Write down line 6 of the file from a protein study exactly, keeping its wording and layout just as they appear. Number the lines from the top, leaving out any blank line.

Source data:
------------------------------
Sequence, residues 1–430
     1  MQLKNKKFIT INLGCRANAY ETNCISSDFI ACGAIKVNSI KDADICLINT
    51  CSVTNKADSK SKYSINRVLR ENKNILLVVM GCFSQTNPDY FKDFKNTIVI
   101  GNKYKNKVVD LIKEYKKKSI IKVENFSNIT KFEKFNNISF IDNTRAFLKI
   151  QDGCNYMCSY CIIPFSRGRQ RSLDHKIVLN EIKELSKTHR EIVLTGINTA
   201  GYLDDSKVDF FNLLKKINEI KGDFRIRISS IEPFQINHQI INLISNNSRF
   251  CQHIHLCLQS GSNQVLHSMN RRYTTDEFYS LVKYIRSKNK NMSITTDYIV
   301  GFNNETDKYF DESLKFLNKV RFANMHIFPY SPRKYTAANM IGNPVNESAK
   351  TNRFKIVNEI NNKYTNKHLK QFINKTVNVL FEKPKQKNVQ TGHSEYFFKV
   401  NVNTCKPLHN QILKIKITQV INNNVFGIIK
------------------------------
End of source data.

   201  GYLDDSKVDF FNLLKKINEI KGDFRIRISS IEPFQINHQI INLISNNSRF